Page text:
“Hot off the press, congratulations!” my Ph.D. supervisor wrote to me back in August. Our paper—which I had written during lockdown based on labwork I completed before the pandemic—had just been accepted for publication. “Great!” I responded. And that was that. I went back to cleaning my apartment and waiting for bread to bake. My city’s lockdown made celebrating with co-workers at pub trivia or group drinks impossible. The only person who was going to celebrate this accomplishment with me was me—and I didn’t feel like celebrating.
If you had asked me at the beginning of my Ph.D. what I wanted to do after graduating, I would have said that I wanted to hide away at a fume hood and do research. If the pandemic hadn’t hit I probably would have blithely remained on that track, carried along by the momentum of my expectations for myself and my future. The cheers of labmates and colleagues when I published that paper would have spurred me forward.
But publishing in isolation, with no celebrations, gave me a chance to reflect on what I truly find rewarding. The paper gave me little sense of personal or professional accomplishment. I realized I don’t find satisfaction just from the act of research. In the words of organization expert Marie Kondo, it doesn’t “spark joy.” Where did that leave me?
I had more than a year of my Ph.D. left. The prospect of working at something I no longer enjoyed, for a goal I was no longer excited about, was discouraging. “Get a Ph.D.” had turned out to be less of a career plan and more of a single step toward something unclear. I no longer knew what my career trajectory ought to be. I had been getting emails about university-sponsored graduate student career workshops every week for years. Like most people I knew, I figured I had better ways to use my time. Now, feeling aimless and uncertain about my future, I thought I would give them a try.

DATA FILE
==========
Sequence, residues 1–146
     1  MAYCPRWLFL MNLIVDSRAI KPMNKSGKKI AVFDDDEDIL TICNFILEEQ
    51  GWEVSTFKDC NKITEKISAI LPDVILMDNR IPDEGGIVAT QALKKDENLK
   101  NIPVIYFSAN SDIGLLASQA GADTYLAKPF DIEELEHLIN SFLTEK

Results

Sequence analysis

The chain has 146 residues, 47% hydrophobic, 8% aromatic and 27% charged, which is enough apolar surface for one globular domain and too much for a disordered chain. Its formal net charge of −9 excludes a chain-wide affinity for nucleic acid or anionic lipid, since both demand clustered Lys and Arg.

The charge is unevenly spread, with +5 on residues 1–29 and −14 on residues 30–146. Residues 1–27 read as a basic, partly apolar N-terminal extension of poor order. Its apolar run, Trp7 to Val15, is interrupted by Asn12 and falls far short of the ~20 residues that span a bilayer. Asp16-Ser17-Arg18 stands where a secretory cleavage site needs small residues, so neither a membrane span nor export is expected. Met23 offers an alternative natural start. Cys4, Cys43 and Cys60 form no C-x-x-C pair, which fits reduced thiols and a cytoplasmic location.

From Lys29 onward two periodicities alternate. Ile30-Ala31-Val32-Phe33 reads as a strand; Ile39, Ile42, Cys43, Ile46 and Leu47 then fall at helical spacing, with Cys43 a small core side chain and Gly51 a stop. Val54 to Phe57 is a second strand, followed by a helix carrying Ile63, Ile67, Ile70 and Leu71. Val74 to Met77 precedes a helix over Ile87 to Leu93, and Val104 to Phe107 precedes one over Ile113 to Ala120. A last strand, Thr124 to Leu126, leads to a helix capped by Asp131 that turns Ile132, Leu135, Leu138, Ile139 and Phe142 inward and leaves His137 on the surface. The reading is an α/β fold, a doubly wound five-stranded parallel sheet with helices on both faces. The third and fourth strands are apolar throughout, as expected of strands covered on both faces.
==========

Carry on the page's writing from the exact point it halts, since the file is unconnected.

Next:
When I attended my first (virtual) event in November, I was a little discouraged at first to see it was mostly first-year graduate students who were already thinking about their career plans and how to optimize their grad school experiences accordingly. I felt late to the party, and somewhat regretful I hadn’t taken advantage of these resources earlier. But I told myself late is better than never and that there was still lots I could learn.
As part of the workshop we completed an Individual Development Plan (IDP), a sort of quiz that helps you rank your career values and priorities. I had last taken a career quiz in high school. It told me to pursue marketing or vending machine repair, so I was fairly skeptical going in. When I got my results, I was surprised at first to see that “teamwork” and “help society” ended up as my top career essentials. But when I thought more about what I found fulfilling over the previous year, this began to make sense. I realized that I’ll remember the people—the graduate students and other researchers I met and got to work with. I’ll remember painstakingly going back and forth with my supervisor to craft a manuscript we were both happy with. For me, collaboration sparked joy.
Publishing in isolation … gave me a chance to reflect on what I truly find rewarding.
The IDP suggested careers in public policy or administration. The prospect of leaving research was scary. But if the major research milestone of publishing a paper wasn’t fulfilling for me, I needed to look elsewhere. So, rather than start new research projects, I’ve begun to write my thesis earlier than I planned, aiming to apply for a science policy fellowship in the fall. I’ve started to do something I previously associated only with business students and career professionals: networking with past collaborators and professors.
I wish it hadn’t taken a global catastrophe for me to find my way to what I hope will be a rewarding career path. Yet if COVID-19 hadn’t happened, I expect I would still be going full-steam ahead on research and would have realized far too late that I was on the wrong path. Going forward, I hope I can make a routine of regularly reflecting on what sparks joy—without waiting for a crisis.